So in Tigers news not about Armando Galarraga, Detroit designated ex-Astro Adam Everett for assignment yesterday. It’s sad in the way that Morgan Ensberg getting cut by the Rays last spring was sad – that was the end of Morgan’s playing career, and Adam is talking as if this is the end of his. Both guys were key cogs in the 2005 World Series team, and you always want to see old friends do well elsewhere if they can’t do well in Houston. Of course my immediate thought is that, if Everett is released or placed on waivers, the Astros should snatch him up; the buzz about Tommy Manzella all spring was that he “could be the next Adam Everett,” and a 33-year-old Everett couldn’t hit much worse than the 27-year-old Manzella has so far. But the reality is that Adam Everett would not have become Adam Everett if the Astros hadn’t let him go through his own growing pains as a big leaguer, and I think it’s still much too early to give up on Tommy yet. Everett would be a great insurance policy if he’s willing to accept a minor league assignment and if Tommy continues to struggle for another month or two. I’d love to see Adam back in an Astros uniform again. But if this is indeed the end of the road for him, he seems to have an admirable attitude about it. His own comments and those by Jim Leyland speak volumes about Adam’s character.
The Astros did indeed take two of three from the Cubs, so they’re still officially keeping pace with the 2005 squad, but they’ll have to sweep this four-game set in Colorado if they’re to keep that up. Houston dodges a huge bullet this week in that they get to face four Rockies starters not named Ubaldo Jimenez, but I still wouldn’t bet on a sweep. A more realistic goal is to climb out of the NL Central basement before the weekend set with the Yankees. Houston has won six of their last eight to pull within a game back of Milwaukee, so it would be nice to head to New York no longer cellar dwellers.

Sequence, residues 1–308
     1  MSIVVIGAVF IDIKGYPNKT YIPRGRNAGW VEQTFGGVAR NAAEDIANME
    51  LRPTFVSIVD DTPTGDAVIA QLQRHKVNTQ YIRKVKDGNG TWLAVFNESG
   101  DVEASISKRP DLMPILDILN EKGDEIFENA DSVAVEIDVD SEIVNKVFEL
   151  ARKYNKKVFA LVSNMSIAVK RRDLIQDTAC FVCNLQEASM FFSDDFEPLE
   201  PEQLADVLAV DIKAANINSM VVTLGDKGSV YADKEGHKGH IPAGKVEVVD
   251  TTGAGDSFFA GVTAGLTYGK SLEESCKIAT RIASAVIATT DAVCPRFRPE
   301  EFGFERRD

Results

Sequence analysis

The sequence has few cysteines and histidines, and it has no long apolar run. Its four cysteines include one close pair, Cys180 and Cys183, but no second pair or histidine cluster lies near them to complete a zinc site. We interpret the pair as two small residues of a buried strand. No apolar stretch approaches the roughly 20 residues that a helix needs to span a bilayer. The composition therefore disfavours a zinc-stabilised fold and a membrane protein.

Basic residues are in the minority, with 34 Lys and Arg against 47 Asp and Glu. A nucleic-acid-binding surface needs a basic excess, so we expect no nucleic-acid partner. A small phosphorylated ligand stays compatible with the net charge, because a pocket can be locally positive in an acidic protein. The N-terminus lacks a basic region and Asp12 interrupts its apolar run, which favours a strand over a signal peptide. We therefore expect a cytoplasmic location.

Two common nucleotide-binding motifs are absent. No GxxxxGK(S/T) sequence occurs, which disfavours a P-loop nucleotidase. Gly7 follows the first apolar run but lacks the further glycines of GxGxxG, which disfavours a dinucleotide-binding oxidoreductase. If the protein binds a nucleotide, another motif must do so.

Of course the biggest news in Astroland today is the first round of the 2010 MLB Draft. As has already been often repeated, Houston has their highest pick this year (#8) since drafting Phil Nevin #1 overall back in 1992, and they have more first-round picks this year (3) than they have since 1994. For a farm system that has regularly been rated among the worst in baseball in recent years, this is huge, and probably the most important draft of Ed Wade’s & Bobby Heck’s Houston careers. Brett Eibner looks pretty good…
It’s the play that everyone is talking about. I’m glad that I’m not a Tigers fan, or else I’d be livid today. I am, however, an Armando Galarraga fan now, even though I had never heard of him before last night. I’m also a Jim Joyce fan now, in spite of his error; it takes a big man to admit a mistake so publicly. I’m impressed that Galarraga kept his cool, has dealt with the issue so graciously. I’m equally impressed at Joyce’s genuine humility in response.
I’m as much of a baseball purist as anyone, but Bud Selig should reverse this call. Yes, I know – “slippery slope” arguments and all of that. If he reverses this one, then why not others that cost teams much more than one infield hit in a regular season game? The difference is that reversing this call can be proven without question to have no impact on the outcome of the game, the standings, or anything else beyond Jason Donald’s batting average. If Cleveland had gone on to get other (legitimate) hits, score some runs or win the game, then the decision would be harder. But reality is that Armando Galarraga has pitched the first 28-out perfect game in MLB history, and everyone knows it. Jim Joyce has admitted it, Jason Donald has admitted it, so why not let the record books reflect it?
There’s more to talk about in Astro-dom and baseball in general, but this needed to get out there first. Bud, if you’re listening – reverse the call!